Local experts develop model to evaluate Alzheimer’s disease risk

Local experts develop model to evaluate Alzheimer's disease risk
Local experts develop model to evaluate Alzheimer's disease risk

Ti Gong

A man is screened for Alzheimer’s disease at Renji Hospital.

Local medical experts have developed a normative range of metrics for a digital tool to evaluate people’s risk of Alzheimer’s disease.

Doctors from Renji Hospital used MemTrax, a memory test and evaluation software, and the GAMLSS approach to successfully work out percentile curves to judge and forecast cognitive reduction for people of different ages and different educational backgrounds, as well as provide evidence for large screening and follow-up intervention and management.

The research, “Toward digitally screening and profiling AD: A GAMLSS approach of MemTrax in China,” was published by world-leading journal “Alzheimer’s & Dementia,” the hospital said on Thursday.

Through the research, which covered 26,633 people, experts found individuals within the third to 10th percentiles in the lower limit of the population performance for age could be at high risk of cognitive impairment. Such individuals should have cognitive checkups periodically or have follow-up assessment.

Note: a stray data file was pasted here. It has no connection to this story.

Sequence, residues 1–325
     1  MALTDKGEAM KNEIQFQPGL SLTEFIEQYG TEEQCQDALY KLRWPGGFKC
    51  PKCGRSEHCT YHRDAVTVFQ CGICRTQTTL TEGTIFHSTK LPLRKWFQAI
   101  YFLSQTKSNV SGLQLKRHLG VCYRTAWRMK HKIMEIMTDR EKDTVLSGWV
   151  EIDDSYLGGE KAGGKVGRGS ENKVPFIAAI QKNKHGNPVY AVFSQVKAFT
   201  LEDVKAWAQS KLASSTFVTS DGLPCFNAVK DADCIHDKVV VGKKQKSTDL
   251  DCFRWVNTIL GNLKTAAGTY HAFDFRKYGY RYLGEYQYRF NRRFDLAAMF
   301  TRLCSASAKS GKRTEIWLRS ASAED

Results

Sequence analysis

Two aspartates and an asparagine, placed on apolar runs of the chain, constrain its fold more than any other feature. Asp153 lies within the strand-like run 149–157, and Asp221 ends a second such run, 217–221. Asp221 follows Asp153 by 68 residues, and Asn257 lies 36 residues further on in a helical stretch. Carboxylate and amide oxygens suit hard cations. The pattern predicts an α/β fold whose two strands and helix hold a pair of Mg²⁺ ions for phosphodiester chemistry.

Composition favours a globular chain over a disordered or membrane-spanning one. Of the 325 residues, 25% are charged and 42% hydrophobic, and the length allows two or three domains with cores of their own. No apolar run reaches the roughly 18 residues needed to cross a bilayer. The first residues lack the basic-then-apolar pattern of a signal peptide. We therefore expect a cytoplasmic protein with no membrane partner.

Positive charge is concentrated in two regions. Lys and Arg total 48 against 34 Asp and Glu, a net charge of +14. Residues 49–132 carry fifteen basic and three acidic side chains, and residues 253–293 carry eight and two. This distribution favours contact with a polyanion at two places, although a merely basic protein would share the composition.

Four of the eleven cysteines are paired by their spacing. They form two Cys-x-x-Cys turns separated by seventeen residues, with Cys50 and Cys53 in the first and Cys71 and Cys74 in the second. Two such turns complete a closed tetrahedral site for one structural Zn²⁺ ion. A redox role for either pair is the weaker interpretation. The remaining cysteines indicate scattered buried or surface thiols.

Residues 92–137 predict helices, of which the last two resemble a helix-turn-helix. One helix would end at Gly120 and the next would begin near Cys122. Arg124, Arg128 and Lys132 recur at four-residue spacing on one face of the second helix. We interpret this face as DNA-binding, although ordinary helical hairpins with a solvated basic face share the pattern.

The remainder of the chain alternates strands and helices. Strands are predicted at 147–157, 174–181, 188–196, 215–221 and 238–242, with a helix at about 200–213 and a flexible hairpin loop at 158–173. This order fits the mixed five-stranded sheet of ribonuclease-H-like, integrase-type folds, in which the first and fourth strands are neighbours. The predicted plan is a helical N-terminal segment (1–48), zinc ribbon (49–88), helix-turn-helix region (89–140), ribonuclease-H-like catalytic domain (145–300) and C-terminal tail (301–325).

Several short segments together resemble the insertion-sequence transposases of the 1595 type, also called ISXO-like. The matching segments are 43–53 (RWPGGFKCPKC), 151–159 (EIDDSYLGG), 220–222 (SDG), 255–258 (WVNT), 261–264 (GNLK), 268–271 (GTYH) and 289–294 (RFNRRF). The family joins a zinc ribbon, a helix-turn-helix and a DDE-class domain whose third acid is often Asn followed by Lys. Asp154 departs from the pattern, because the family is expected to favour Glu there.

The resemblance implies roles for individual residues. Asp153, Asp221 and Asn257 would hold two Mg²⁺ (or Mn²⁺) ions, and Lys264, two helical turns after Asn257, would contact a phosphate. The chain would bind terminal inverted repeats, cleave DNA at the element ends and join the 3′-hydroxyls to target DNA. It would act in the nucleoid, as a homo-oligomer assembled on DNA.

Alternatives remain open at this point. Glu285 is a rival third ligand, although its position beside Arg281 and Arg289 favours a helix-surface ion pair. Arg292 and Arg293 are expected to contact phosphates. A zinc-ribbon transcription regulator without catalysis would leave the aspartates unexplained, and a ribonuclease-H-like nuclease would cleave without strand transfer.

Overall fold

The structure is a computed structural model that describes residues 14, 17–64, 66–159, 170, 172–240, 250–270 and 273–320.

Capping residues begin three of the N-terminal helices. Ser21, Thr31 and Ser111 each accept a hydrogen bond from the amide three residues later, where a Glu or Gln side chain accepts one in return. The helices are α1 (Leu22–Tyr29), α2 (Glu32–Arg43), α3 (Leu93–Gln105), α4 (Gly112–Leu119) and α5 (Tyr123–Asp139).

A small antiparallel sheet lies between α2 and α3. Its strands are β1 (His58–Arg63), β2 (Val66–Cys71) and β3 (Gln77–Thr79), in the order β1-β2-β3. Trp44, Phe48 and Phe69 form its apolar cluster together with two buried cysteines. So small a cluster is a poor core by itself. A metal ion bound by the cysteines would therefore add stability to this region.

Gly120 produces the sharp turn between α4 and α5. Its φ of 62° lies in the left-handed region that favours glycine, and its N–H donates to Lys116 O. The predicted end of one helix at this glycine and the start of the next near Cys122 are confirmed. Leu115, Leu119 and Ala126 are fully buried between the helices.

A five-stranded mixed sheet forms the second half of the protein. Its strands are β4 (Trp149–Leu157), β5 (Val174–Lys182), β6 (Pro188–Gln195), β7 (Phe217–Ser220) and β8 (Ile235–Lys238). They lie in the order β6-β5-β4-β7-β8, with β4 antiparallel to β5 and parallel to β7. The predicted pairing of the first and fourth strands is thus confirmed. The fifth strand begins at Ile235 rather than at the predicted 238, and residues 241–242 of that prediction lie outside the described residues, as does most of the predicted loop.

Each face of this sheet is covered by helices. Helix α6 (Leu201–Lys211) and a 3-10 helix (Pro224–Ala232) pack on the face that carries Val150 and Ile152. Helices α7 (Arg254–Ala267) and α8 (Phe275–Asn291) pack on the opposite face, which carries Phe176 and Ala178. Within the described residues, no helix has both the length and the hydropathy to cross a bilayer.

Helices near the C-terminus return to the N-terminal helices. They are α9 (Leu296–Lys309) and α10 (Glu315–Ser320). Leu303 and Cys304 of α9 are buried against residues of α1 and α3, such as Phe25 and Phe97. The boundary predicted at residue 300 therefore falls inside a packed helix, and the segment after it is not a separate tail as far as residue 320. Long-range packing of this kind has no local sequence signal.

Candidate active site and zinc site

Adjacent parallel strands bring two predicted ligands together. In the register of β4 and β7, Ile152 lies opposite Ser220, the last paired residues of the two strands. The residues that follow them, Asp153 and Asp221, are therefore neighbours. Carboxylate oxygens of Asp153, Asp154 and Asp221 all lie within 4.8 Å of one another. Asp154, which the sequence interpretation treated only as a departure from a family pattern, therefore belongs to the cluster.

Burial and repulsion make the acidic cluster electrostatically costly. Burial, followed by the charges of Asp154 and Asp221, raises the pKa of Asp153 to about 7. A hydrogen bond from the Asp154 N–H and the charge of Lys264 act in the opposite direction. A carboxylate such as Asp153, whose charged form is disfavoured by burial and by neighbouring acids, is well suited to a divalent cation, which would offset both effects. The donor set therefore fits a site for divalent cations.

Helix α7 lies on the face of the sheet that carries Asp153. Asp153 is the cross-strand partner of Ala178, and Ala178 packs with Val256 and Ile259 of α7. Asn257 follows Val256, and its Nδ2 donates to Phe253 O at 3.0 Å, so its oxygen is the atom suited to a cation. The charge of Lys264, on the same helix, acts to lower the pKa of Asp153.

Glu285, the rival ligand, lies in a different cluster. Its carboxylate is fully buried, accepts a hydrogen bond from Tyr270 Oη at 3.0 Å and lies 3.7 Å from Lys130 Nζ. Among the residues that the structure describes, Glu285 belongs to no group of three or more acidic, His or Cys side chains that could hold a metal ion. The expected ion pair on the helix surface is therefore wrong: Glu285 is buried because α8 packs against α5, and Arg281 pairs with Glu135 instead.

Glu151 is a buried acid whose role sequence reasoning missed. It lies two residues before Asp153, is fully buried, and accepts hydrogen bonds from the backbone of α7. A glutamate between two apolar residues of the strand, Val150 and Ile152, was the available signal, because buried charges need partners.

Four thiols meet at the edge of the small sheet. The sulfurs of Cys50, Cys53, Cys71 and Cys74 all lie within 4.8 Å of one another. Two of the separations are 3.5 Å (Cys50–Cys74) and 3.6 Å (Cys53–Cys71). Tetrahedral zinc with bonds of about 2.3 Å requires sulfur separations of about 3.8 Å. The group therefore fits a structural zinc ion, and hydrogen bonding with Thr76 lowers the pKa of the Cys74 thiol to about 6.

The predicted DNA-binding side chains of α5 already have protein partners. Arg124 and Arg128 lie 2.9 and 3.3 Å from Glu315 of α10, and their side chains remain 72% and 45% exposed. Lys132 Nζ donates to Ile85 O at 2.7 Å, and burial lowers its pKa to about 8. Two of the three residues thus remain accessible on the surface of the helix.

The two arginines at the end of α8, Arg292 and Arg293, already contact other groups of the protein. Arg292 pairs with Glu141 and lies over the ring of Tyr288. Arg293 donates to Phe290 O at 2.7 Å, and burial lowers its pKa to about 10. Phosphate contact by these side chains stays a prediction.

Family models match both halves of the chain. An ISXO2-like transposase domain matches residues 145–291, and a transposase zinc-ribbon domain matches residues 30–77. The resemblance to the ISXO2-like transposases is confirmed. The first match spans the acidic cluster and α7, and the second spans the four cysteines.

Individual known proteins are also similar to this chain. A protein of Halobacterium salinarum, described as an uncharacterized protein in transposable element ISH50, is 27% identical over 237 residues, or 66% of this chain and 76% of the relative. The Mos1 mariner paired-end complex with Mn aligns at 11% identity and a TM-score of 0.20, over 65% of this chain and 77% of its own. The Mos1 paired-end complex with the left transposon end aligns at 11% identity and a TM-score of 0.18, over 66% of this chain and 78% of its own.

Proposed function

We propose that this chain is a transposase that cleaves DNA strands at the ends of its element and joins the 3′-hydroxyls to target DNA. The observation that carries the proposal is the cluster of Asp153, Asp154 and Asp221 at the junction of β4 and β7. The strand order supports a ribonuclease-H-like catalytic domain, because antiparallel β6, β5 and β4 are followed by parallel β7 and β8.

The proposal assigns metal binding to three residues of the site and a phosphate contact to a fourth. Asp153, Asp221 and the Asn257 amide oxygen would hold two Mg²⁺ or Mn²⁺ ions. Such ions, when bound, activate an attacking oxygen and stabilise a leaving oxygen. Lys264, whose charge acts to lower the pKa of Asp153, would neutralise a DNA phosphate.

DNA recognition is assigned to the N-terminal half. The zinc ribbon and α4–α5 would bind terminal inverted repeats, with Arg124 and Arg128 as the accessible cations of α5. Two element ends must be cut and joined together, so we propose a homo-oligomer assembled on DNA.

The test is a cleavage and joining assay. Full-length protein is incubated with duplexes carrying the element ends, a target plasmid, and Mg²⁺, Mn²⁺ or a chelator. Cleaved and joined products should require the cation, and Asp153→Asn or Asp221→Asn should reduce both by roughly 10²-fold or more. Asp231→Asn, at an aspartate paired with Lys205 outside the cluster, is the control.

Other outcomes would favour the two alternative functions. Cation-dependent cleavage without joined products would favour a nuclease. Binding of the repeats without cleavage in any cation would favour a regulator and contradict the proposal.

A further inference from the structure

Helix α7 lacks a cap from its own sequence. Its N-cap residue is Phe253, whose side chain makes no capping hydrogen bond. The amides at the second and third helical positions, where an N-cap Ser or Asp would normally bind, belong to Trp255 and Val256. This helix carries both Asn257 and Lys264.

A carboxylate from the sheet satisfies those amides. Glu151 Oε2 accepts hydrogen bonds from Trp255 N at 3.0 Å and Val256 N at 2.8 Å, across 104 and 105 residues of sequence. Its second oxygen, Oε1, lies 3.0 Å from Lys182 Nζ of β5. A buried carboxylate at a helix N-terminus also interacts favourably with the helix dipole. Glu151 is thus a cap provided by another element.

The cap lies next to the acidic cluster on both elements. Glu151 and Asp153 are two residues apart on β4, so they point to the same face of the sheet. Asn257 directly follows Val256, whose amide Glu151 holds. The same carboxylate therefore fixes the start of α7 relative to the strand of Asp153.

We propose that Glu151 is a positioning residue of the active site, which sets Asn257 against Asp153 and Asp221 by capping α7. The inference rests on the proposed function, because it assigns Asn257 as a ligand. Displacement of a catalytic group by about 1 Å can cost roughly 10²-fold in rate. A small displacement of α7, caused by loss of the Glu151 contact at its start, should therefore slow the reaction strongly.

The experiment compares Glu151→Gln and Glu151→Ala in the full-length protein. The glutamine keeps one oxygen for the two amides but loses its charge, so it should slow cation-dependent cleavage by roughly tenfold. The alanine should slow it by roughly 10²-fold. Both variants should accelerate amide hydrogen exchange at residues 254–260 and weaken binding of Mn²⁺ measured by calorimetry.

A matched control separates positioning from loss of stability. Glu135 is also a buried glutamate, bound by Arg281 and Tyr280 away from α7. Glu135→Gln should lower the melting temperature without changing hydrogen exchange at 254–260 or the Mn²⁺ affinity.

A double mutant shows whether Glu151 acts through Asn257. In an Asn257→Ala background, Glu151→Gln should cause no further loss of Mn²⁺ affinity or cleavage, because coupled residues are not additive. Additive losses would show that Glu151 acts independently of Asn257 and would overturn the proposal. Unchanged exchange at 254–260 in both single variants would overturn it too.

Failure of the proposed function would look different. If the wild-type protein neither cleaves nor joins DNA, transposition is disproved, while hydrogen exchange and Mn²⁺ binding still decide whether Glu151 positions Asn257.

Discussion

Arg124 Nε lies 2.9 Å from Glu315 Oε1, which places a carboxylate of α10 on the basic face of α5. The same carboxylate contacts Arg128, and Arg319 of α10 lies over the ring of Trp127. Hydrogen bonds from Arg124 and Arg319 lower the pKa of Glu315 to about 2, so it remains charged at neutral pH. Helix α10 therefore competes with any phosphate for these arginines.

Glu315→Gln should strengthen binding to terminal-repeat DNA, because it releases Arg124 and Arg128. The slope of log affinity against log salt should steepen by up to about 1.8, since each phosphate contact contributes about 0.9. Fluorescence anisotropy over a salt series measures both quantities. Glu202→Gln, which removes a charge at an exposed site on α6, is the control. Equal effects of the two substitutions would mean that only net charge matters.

Individuals who performed below 3 percent of the lower limit of the population for their age might have cognitive impairment, so the recommendation was to have a clinical evaluation, followed by intervention if appropriate. If one’s percentile of cognition dropped steadily or significantly during follow-up tests, further clinical cognition evaluation was also recommended.

With its rising number of elderly people, China has become the country with the largest number of Alzheimer’s disease patients. At present, there are nearly 10 million patients, with that number expected to increase to nearly 30 million by 2030.

How to screen and identify people at high risk of the disease and offer timely intervention in early stages is very important for AD prevention and control. The simple and convenient digital tool is key to quick and large-scale screening, experts said.

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